8. Ottawa is a major city and there are all types of firms here. Due to the oversupply of uOttawa grads it is very competitive however, not going to lie. French definitely gives you a leg up in Ottawa, but very few firms see it as a prerequisite per se. Pay is somewhat low compared to Toronto (not sure about Vancouver or Calgary markets) but from what I've heard, the hours are much more reasonable compared to Toronto so it's a trade-off.
  9. There are a TON of amazing experiential learning/internship opportunities at uOttawa, many of which can count for course credit. Most people don't take advantage, but they're definitely there if you look. I took a bunch myself and have nothing but good things to say about these programs. They were one of the highlights of my law school experience. I don't know about competitive advantage. People tend to believe, rightly or wrongly, that uOttawa is a lower-tier school, and I can't think of any actual advantage from being in the capitol. That said however, in my anecdotal experience I've never found that my choice of law school put me at a disadvantage. I personally had 45 articling interviews with every type of legal employer imaginable, including biglaw, midlaw, small firms, boutique firms, government departments, corporate in-house departments, etc. I (obviously) had a bit of an issue with closing the deal, but that's on me. Seeing uOttawa on my resume didn't prevent me from getting my foot in the door with any type of employer. No leather jackets unfortunately. School spirit at uOttawa does kind of suck, and that's one downside I've found.
  10. Ask me anything you'd like about my experience at uOttawa law school.
  11. Is there any difference between Harcourts and Imperial Robes? And if so, which is better? Also, I heard there was some sort of call to the bar discount. How do I get in on that?
  12. So, there's a rumor going around that the people responsible for the cheating scandal a couple years ago have FINALLY been exposed by the law society, fired from their articling positions at very prestigious firms, and barred from the practice of law for life. However, I can't for the life of me find an article on it or anything substantial to back this up. Does anyone have more info on this?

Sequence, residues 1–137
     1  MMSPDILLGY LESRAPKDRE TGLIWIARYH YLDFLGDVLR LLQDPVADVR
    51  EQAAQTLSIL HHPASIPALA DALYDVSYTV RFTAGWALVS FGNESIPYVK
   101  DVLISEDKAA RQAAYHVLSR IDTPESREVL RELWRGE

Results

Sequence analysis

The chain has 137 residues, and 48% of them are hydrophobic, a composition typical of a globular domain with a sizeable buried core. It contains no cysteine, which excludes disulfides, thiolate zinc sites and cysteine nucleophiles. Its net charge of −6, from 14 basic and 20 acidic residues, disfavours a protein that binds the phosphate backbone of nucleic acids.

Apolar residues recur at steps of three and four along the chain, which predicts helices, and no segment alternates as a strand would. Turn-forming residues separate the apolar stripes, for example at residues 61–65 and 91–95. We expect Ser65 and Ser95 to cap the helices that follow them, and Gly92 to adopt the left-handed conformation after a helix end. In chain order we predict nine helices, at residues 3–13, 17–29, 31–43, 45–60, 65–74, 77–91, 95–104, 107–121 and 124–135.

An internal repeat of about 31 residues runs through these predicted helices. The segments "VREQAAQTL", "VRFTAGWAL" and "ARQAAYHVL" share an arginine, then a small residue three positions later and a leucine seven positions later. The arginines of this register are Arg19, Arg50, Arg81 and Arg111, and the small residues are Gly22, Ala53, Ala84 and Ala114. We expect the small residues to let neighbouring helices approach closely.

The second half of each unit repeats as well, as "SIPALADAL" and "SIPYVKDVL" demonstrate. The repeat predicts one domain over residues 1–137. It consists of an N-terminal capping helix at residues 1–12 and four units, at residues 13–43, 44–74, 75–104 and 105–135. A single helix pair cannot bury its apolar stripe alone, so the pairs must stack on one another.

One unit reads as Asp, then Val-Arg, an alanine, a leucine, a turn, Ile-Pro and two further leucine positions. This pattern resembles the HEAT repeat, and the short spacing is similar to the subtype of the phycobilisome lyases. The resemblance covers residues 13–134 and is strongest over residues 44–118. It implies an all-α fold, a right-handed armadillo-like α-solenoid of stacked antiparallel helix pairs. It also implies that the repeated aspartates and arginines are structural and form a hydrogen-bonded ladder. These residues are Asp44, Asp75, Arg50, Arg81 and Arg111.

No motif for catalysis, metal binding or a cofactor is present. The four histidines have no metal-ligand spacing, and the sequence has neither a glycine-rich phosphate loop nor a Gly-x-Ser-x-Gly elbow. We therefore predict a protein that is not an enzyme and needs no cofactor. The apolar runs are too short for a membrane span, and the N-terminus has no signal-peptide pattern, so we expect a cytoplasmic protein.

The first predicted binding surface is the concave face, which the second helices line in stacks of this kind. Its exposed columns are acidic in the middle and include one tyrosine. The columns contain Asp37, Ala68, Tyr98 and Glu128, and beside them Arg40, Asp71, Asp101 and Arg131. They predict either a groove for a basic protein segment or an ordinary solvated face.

13. I participated in this last year and it was a great experience. Would highly recommend! It's no more time commitment than a class would be, and you get a course credit for it. Plus I got to literally speak to a real tribunal representing a real client with a real issue, which is a very rare opportunity for law students.
  14. 7:15 wake up 7:20 actually get out of bed 7:20-7:45 wash up, dress, eat breakfast 7:50-8:15 bus to work 8:30: check email for new assignments, continue working on whatever you were working on the last day 5:15: start thinking about leaving, maybe finish something up. 5:30: actually leave, get on bus to head home 6:00: make/eat dinner 7:00-11:30: go to gym/hang out with friends/play video games/do whatever Maybe I'm just at a super chill firm, but overall, the hours don't live up to the hype in my experience. It's not a 9-5 job, but it's closer to that than you would think. There will be days when there's a tight deadline and I'll have to stay later, but those days are the exception, not the rule. More often than not, I can get all assigned work done during relatively normal business hours without turning down any work or playing it close with any deadlines. The key is to actually work 9-5 without getting distracted. If you learn to do that, you should have plenty of work-life balance.
  15. VICE is garbage journalism that exists solely to get clicks on Facebook with outrageous headlines paired with questionably researched/accurate content. I wouldn't put any stock in it.